People living in the richest and poorest areas of London were more likely to censor a neuroscientific explanation of criminal behaviour from being communicated to offenders.

That is the finding of research being presented this week by Robert Blakey from the University of Oxford at the British Psychological Society’s 2018 annual conference.

Robert Blakey said:

“Neuroscience has identified some brain structures and functions that can explain antisocial personality traits and criminal behaviours.

“This is a finding that can clash with people’s belief that criminals are morally responsible for their behaviour, since the neuroscience could be seen to excuse their criminal actions. So we sought to investigate whether there was a public appetite for this neuroscience to be communicated to offenders themselves.”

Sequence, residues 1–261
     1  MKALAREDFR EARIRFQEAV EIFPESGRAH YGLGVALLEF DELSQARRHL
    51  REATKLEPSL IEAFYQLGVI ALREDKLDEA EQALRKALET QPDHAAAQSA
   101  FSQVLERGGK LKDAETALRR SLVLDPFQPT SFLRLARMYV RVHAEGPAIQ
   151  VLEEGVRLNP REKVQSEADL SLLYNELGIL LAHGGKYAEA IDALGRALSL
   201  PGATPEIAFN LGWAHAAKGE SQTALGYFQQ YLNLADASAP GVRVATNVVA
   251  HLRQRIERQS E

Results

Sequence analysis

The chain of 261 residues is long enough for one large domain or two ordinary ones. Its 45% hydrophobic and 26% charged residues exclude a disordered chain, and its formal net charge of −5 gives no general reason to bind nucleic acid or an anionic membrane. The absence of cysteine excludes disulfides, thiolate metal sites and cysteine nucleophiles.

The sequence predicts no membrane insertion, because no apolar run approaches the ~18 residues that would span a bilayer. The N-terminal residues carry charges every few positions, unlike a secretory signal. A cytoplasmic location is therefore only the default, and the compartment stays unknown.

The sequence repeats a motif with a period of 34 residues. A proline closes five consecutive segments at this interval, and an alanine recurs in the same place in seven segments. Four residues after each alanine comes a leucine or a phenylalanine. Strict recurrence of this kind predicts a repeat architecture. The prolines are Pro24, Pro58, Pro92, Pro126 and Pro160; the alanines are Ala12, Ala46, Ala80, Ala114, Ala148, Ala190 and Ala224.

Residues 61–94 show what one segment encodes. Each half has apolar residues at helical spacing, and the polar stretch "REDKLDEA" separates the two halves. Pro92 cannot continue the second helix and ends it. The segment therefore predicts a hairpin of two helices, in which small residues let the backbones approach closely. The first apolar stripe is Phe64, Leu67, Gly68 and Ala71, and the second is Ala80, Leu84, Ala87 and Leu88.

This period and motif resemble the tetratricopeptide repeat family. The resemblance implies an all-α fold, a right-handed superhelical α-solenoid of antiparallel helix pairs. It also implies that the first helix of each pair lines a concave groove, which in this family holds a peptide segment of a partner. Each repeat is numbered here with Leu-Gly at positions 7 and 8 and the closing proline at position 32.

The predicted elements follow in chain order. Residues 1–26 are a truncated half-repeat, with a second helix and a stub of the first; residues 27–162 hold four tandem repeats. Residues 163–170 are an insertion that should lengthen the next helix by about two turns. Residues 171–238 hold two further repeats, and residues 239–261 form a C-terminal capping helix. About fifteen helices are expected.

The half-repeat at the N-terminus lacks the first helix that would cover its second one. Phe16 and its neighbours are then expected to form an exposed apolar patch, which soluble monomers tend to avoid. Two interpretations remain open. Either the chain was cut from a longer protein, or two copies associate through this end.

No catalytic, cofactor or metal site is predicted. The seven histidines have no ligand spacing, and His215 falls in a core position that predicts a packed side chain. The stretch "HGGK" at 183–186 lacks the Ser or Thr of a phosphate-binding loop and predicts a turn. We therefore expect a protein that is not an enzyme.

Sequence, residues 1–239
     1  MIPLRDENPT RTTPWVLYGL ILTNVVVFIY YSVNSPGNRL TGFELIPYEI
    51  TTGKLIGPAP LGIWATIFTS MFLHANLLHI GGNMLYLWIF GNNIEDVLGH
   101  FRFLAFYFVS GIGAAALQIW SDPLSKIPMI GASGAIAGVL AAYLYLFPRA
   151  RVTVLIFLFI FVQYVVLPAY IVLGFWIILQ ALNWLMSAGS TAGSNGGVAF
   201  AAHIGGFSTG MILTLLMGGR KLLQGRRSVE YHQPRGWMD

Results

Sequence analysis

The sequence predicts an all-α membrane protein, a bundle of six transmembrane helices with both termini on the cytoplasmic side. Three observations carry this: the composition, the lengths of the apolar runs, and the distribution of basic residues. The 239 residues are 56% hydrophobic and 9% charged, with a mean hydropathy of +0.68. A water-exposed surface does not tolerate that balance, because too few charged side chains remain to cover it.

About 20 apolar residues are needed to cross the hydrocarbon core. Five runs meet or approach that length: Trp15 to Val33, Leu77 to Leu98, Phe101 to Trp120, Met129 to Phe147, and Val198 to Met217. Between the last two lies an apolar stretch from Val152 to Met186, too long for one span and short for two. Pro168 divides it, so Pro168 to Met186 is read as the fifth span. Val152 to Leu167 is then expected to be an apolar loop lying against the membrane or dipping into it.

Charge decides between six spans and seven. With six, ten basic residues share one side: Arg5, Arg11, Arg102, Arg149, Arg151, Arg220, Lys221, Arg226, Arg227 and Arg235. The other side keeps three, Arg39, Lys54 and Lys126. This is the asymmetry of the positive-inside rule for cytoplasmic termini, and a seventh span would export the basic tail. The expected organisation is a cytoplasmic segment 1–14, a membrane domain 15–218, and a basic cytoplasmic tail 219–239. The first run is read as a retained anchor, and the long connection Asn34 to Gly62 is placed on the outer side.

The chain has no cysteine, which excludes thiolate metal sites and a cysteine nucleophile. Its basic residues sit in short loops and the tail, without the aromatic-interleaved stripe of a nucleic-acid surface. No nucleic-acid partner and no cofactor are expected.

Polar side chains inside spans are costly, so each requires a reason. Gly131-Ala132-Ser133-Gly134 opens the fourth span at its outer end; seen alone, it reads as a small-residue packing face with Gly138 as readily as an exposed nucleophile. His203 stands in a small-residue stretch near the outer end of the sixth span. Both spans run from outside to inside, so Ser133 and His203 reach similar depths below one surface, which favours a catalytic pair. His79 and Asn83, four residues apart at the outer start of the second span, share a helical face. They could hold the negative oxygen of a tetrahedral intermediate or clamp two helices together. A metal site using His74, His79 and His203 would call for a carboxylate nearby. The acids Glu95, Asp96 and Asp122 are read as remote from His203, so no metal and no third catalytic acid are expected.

Using the lost-letter technique, the researchers sought to investigate whether people would choose to censor neuroscientific explanations for offending.

They left 832 clearly undelivered postcards in the street, each containing one of four different messages. The postcards contained either a brain-based explanation for criminal behaviour or a person-based explanation for criminal behaviour and were addressed to a teacher who was educating either students or prisoners in the causes of crime.

A total of 16 London boroughs were chosen in which to drop the postcards, with the four richest (Islington, Lambeth, Merton, Kensington and Chelsea) and four poorest (Barking and Dagenham, Newham, Brent, Ealing) selected alongside eight other boroughs of less extreme socioeconomic status.

The researchers found that the public were less likely to choose to deliver the postcards intended for prisoners in the richest and poorest areas, when the postcards contained the brain-based explanation of crime.